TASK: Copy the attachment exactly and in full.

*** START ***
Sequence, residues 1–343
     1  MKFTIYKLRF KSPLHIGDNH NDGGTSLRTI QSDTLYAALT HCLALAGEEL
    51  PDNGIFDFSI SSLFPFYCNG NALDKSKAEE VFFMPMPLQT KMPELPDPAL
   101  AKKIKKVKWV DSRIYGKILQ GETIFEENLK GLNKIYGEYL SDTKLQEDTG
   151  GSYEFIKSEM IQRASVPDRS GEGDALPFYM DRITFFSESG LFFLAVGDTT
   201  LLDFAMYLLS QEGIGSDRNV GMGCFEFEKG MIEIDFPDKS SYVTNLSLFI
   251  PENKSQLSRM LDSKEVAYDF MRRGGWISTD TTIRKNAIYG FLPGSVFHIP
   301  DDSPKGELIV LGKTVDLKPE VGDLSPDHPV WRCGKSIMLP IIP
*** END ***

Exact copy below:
Sequence, residues 1–343
     1  MKFTIYKLRF KSPLHIGDNH NDGGTSLRTI QSDTLYAALT HCLALAGEEL
    51  PDNGIFDFSI SSLFPFYCNG NALDKSKAEE VFFMPMPLQT KMPELPDPAL
   101  AKKIKKVKWV DSRIYGKILQ GETIFEENLK GLNKIYGEYL SDTKLQEDTG
   151  GSYEFIKSEM IQRASVPDRS GEGDALPFYM DRITFFSESG LFFLAVGDTT
   201  LLDFAMYLLS QEGIGSDRNV GMGCFEFEKG MIEIDFPDKS SYVTNLSLFI
   251  PENKSQLSRM LDSKEVAYDF MRRGGWISTD TTIRKNAIYG FLPGSVFHIP
   301  DDSPKGELIV LGKTVDLKPE VGDLSPDHPV WRCGKSIMLP IIP